Over 12 years ago I moved to California with hopes of following my passion for local food systems and working in the field of agriculture. I started off creating edible gardens for restaurants and private estates. I hung around farmers markets to meet producers and fellow local food lovers. When the opportunity to lease land appeared, I jumped at the chance to start my very own farm. Through 10 seasons and many different parcels of land, I honed my farming skills to bring tasty organic produce and seedlings to my community. Through hard work and a bit of luck I was able to achieve my goal of becoming active in the sustainable agricultural scene in the Bay area.
Over the years my passion for agriculture has continued to grow and my dream of becoming a lifelong farmer has never wavered. Farming is a business and when you look at your farm operation as a business you realize how important stability is to your continued success. Without financial sustainability, no farm is truly sustainable.
I have spent a lot of time trying to figure out how I can have a secure farming future. I came to the realization that I can’t continue to farm in California on leased property and as a farmer I can’t afford to own land here. This July I will be moving back east to Maryland, where I have the ability to purchase farmland. I will begin farming again in 2019 on the Eastern Shore.
It is bittersweet to leave the west coast where I refined my farming skills and where I have met so many wonderful people (including my husband). But I am excited to return to my home state to start a new farm and continue my agriculture adventure!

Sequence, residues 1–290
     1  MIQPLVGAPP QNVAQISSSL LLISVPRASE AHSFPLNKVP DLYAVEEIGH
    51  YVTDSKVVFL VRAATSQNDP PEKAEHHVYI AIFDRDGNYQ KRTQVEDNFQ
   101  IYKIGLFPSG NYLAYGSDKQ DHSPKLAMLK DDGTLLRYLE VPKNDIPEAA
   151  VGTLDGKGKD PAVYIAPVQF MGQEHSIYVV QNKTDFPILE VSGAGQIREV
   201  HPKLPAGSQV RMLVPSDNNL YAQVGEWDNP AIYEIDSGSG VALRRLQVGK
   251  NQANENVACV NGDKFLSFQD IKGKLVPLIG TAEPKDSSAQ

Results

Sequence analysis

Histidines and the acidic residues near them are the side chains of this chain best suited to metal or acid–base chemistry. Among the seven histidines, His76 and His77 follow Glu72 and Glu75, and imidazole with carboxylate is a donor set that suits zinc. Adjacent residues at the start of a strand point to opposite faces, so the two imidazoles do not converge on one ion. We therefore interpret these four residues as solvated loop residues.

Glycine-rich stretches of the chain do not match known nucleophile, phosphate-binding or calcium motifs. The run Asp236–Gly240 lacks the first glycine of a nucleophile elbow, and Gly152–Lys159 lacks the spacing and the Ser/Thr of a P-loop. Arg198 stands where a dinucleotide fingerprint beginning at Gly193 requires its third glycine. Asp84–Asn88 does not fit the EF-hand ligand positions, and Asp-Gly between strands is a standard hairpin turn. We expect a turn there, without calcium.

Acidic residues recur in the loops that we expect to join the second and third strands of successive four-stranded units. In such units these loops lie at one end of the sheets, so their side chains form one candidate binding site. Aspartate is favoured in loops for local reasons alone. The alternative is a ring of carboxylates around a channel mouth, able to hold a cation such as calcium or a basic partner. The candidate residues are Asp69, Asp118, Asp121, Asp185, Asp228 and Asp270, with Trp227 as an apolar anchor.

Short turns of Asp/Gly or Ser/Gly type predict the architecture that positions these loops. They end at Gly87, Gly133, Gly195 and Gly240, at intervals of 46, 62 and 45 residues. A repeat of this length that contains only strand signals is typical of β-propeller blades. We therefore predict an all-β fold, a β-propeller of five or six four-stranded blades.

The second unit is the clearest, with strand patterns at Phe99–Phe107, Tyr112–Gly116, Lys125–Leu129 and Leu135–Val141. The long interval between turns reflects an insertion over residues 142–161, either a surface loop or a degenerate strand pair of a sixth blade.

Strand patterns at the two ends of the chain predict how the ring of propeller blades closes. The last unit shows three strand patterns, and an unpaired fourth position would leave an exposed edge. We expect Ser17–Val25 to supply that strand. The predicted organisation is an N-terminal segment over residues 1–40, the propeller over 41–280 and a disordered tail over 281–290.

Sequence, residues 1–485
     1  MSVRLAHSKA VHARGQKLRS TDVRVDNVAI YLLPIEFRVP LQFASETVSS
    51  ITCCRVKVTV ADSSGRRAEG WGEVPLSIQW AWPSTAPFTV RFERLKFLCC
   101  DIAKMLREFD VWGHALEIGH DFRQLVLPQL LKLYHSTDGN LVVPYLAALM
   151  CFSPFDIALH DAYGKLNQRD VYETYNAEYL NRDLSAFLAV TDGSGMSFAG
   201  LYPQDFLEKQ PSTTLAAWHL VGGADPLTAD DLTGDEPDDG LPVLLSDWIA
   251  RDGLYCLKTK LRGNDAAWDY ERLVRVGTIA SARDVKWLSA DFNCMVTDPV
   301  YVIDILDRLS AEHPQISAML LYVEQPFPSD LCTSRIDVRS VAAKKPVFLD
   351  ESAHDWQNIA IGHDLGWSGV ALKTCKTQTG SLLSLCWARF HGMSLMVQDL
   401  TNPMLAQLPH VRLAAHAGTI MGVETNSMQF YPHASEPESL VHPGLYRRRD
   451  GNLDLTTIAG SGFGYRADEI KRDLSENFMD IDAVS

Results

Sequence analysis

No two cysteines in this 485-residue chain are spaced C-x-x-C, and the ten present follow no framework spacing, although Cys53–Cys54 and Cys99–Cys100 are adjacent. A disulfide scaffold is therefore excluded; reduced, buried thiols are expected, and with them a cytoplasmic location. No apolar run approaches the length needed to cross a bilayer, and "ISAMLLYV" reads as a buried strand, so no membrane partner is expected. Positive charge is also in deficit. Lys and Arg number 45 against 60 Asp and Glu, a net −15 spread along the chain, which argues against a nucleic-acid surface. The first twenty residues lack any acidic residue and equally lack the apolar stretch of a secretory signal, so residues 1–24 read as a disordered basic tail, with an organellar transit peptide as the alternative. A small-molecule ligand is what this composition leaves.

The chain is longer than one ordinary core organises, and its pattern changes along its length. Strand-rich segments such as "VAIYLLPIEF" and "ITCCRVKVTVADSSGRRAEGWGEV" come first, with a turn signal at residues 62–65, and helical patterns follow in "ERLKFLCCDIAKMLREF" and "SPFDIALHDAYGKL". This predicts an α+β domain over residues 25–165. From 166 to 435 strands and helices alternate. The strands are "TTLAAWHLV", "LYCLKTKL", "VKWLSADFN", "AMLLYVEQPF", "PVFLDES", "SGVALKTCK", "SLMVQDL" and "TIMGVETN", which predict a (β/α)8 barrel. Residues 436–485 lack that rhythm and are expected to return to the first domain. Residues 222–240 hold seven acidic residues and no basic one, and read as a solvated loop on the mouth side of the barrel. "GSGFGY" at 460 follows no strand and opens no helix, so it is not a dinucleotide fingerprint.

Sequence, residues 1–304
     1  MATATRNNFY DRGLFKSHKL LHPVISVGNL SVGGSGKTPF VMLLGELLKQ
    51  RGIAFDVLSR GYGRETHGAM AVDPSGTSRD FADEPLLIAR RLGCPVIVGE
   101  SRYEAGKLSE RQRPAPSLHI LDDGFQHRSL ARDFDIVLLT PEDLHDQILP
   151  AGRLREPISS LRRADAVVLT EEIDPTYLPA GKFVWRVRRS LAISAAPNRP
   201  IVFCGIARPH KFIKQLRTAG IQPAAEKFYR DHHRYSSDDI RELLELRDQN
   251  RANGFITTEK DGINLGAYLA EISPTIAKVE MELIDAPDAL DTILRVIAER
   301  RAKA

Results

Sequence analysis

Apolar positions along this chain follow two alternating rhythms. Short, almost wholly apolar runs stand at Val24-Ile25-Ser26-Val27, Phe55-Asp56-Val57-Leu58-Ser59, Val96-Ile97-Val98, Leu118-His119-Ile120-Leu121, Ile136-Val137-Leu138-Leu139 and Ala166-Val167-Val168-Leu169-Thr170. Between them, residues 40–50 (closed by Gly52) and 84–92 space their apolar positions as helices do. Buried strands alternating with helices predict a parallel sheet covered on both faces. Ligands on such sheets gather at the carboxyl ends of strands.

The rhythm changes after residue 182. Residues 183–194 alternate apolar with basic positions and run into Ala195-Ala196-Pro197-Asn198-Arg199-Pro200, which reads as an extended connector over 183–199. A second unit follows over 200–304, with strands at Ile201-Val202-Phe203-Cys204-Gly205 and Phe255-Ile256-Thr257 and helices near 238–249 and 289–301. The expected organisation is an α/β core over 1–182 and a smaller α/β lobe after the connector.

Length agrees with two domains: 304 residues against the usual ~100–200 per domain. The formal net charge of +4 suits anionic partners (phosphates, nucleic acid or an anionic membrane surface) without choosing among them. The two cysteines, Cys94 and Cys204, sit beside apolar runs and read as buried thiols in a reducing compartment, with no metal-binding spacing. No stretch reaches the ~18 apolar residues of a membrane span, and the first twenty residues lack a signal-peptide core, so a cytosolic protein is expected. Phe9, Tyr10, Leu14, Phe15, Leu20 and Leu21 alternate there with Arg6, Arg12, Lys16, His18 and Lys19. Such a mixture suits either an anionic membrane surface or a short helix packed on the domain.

I will continue to make blog posts along the way and share my new discoveries so keep reading and keep in touch. If you are more of a picture person, follow my adventure on instagram.
2 thoughts on “New Adventure”
I was never a farmer in California, but I was a maniac gardener. First I gardened a small backyard plot in Oakland–producing nearly all of our seasonal produce. Then I moved to Two Rock–to rental on a chicken farm outside Petaluma–and grew a ton of food–enough for everyone on the farm. But we wanted to buy something of our own. Costs were outrageous, and all too often, wells were marginal, or contaminated. Finally, family issues sent us back to Michigan. It’s wonderful. We don’t mind winter and we’re slowly getting orchards in, and gardens and even a barn. There are things we miss, but we haven’t looked back and don’t regret the decision.
Thanks, Andrea, for the food that you’ve brought to our community over the years. You are an inspiration to me and Lori. We wish you well on your new adventure and know that you and your farm will thrive.